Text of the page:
Human Rights law is different from normal discrimination law. It has different principles and a different case law history. The Mail seems incensed that the UK Government is arguing that people could choose to resign if their religious beliefs conflicted with the needs of their job. But if we are dealing with human rights law then surely that is a relevant consideration? To what extent should human rights law restrict contracts of employment freely entered into? Normally it is papers like the Mail who are arguing that the human rights agenda has gone too far. Its a little odd to see them so sympathetic to cases that rely on overturning previous case law and extending the reach of human rights law in the workplace.
In legal terms, Eweida’s case is not so different from the case of Azmi v Kirklees which involved a Muslim teaching assistant wearing a veil whenever a male teacher was present. She lost her case on the issue of justification. There was less public clamour about that case which did not go to the European Court of Human Rights. At the time, the Daily Mail said this:
But there has to be give and take on both sides. And the bounds of common sense are stretched to breaking point when a Muslim teacher insists on the full veil, which inevitably makes it more difficult to communicate with her pupils.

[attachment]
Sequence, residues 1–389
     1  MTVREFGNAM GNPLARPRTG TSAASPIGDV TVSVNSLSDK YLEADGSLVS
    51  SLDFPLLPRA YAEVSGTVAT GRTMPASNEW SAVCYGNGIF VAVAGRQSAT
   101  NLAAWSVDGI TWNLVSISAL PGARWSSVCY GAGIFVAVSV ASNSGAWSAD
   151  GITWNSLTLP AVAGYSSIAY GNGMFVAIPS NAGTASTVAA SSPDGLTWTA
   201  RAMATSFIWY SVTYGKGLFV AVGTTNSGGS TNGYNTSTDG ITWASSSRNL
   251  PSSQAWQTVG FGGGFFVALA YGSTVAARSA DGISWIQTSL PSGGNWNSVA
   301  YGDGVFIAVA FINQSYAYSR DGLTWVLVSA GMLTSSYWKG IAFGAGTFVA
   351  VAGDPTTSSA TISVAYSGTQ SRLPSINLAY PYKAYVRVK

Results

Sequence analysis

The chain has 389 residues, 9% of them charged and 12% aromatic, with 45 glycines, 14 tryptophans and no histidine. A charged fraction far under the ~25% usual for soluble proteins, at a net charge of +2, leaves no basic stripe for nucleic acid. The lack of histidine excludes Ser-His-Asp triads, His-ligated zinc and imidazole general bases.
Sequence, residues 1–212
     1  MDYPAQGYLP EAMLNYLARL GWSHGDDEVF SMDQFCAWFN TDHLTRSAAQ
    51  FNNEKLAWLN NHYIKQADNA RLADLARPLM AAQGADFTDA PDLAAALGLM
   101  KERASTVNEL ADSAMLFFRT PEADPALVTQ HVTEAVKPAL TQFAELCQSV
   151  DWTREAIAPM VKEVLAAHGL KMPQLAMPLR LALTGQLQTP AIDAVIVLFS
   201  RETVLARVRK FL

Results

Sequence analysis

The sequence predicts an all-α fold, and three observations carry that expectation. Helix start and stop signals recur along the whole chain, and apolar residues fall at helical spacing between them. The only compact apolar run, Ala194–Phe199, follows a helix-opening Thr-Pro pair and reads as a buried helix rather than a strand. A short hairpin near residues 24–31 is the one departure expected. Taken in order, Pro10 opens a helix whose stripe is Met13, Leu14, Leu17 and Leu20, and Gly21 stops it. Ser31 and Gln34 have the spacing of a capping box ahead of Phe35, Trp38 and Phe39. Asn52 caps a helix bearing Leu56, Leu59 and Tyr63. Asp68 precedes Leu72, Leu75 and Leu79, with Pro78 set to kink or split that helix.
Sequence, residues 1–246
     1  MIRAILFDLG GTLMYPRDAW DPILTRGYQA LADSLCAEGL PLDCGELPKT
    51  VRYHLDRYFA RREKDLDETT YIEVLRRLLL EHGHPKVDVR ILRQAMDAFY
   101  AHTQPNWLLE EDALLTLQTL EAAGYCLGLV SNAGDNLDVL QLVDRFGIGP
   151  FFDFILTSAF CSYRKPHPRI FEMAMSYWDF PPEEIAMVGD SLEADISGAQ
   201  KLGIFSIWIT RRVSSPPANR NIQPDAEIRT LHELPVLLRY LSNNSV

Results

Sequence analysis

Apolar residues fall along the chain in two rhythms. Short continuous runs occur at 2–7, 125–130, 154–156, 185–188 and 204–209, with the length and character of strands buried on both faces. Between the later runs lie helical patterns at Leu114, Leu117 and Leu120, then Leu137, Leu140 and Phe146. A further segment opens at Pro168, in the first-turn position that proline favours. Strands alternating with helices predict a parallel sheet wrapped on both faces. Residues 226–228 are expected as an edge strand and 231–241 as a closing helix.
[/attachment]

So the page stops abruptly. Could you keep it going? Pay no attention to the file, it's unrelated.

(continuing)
Aishah Azmi?s insistence on her ‘rights’, even in inappropriate circumstances only serves to exacerbate community tensions
The sentiment behind this is not so very different from what James Eadie QC (for the Government) is quoted by the Mail as saying in Strasbourg:
‘Everyone has the right to express their beliefs, including the right to display religious symbols, but not an absolute right or a right without limits. That does not mean that in their professional sphere anyone can manifest their religious belief in any way they choose.’
I think its a bit difficult to disagree with that. If this case were concerned with a different religion, I think lots of people now supporting Eweida and Chaplin would think so too.
So even if you are sympathetic to Eweida and Chaplin, that should not mean that you want the ECHR to rule in their favour. The Daily Mail and those who have cheered the cases on from the sidelines should be careful what they wish for. If they win, then that will mean that it will be harder for employers to assert the needs of their business when there is a conflict with the religious needs of the employee. Very few of the cases which follow will be about cross wearing, because most employers simply don’t care about small necklaces. The cases will be about working time (sabbath observance, religious holidays), headscarves and veils, retail workers handling meat products or alcohol, or employees with a philosophical objection to a particular part of their job.
Then there are the other two cases – Ladele and McFarlane. Well, that’s a whole other can of worms. I’ll save that for the next post.